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CARBURETOR:

BASIC PRINCIPLES

This article will discuss a very interesting subject: the operation and adjustment of different types of carburetors used on motorcycles.

O tto cycle engines used to power both two and four stroke motorcycles are

fed with fuel (normal gasoline, special gasolines for some com- petition needs or, in some un- common cases, methyl and/or ethyl alcohol), which is suffi- ciently volatile and has ignition properties which allow it to be premixed with the combustion air before the combustion is ini- tiated by the spark plug. On the other hand, in Diesel cycle engi- nes, the fuel is less volatile and has ignition properties which require that it be mixed with air only inside the combustion chamber, where the pressure and temperature conditions are such to induce natural ignition. For this reason, the power delivery of diesel engines may be adjusted by fuel delivery alo- ne, without the need to control the airflow. In Otto cycle engines, when the fuel is pre-mixed with the air, it is necessary to control the air- flow and therefore, indirectly, the fuel flow. In automobile en- gines, fuel injection systems are used in most models, controlled by a central unit that adjusts the duration of time during which the injectors remain open to deliver fuel into the air stream. As everyone knows, ana- logous systems have been adop- ted on some high range mo- torcycle engines. In most cases, however, carburetors are widely used, where the fuel is introdu- ced according to the vacuum ge- nerated on various systems of fuel jets. The carburetor is the- refore designed to perform three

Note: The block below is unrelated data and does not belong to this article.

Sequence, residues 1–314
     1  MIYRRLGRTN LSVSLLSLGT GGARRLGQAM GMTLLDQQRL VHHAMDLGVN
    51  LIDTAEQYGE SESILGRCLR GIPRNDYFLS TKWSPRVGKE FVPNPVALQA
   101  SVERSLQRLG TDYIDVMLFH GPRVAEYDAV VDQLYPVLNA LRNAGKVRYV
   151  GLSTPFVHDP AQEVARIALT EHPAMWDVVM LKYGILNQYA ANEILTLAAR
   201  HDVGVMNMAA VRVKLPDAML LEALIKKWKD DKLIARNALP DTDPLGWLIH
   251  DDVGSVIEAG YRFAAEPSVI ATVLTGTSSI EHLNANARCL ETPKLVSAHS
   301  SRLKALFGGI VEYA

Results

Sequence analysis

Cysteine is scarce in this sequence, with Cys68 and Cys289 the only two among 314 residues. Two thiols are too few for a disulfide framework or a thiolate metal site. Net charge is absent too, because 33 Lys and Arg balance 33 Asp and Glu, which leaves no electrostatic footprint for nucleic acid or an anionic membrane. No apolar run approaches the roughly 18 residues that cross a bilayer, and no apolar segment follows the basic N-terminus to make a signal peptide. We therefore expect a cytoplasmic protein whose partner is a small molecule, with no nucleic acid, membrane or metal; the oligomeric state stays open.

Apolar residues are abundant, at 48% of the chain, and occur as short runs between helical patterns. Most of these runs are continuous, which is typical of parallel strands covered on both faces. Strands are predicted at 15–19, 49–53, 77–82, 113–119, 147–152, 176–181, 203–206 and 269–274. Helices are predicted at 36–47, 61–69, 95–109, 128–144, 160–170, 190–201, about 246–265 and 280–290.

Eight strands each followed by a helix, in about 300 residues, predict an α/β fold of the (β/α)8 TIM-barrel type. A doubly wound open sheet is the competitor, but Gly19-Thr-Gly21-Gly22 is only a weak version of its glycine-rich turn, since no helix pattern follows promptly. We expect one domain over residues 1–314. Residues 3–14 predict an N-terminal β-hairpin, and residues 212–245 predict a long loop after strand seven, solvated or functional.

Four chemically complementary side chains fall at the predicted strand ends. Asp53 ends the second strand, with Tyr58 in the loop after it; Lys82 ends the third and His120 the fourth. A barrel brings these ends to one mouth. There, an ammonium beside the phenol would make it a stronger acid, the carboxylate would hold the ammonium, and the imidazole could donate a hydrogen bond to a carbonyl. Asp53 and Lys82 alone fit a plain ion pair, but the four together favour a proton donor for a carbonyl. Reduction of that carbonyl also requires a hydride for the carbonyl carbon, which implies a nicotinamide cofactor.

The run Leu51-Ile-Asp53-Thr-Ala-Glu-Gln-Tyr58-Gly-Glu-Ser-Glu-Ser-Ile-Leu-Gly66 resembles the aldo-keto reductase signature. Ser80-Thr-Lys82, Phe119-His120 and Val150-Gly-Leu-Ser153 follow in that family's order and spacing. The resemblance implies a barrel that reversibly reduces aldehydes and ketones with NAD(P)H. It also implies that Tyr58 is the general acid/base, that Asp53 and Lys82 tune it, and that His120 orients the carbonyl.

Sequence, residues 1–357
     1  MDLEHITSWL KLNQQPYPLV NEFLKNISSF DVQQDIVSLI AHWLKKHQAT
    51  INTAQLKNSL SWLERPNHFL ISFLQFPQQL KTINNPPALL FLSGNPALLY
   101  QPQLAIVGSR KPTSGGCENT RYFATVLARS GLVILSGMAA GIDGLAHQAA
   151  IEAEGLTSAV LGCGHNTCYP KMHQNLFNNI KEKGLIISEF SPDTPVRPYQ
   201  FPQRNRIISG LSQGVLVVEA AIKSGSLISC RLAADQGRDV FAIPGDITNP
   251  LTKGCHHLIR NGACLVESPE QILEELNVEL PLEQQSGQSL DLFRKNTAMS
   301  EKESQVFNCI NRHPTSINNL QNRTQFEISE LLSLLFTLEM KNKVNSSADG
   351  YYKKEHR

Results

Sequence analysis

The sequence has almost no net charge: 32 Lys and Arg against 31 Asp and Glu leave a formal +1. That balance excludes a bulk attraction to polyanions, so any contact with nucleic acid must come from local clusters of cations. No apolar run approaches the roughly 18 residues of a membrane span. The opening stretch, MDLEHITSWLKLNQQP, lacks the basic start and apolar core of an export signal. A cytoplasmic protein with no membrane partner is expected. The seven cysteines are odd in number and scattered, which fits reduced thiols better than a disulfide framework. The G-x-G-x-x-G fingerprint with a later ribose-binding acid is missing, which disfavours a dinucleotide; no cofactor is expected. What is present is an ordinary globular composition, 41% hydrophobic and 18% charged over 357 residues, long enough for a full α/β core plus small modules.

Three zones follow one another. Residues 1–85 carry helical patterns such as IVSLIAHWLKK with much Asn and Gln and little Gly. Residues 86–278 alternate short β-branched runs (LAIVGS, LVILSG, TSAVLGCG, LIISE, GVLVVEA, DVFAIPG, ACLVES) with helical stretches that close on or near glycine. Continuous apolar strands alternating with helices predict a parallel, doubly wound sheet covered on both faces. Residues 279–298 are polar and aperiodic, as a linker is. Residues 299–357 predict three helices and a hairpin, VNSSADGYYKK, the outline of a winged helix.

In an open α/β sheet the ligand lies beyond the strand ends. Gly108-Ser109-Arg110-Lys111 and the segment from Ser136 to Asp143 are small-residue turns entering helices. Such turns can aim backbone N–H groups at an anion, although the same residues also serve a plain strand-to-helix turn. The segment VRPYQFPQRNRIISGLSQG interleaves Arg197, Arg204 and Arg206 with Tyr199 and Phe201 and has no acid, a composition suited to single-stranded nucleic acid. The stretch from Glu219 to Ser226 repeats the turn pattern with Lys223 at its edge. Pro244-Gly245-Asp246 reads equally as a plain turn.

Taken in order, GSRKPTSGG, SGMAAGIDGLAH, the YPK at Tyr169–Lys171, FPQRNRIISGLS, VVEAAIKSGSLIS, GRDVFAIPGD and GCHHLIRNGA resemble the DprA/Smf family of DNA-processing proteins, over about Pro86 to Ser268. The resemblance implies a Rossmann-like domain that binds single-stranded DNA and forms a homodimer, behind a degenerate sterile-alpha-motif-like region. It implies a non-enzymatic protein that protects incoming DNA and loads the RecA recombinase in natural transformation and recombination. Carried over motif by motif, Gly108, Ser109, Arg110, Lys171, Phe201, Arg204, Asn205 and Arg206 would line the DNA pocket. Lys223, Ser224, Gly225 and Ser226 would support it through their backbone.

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to the vacuum ge- nerated on various systems of fuel jets. The carburetor is the- refore
On the right, the main components of a Dell'Orto motorcycle carburetor are shown: 1. starting
On the right, the main components of a Dell'Orto motorcycle carburetor are shown: 1. starting

On the right, the main components of a Dell'Orto motorcycle carburetor are shown:

1. starting lever; 2. air intake; 3. venturi; 4. starter jet; 5. float chamber; 6. atomizer; 7. fuel valve; 8. needle; 9. throttle valve; 10. float chamber air intake; II. fuel connection; 12. Idle mixture adjusting screw; 13. throttle valve adju- sting screw; 14. float; 15. idle emulsion tube, 16.idle jet; 17. main jet.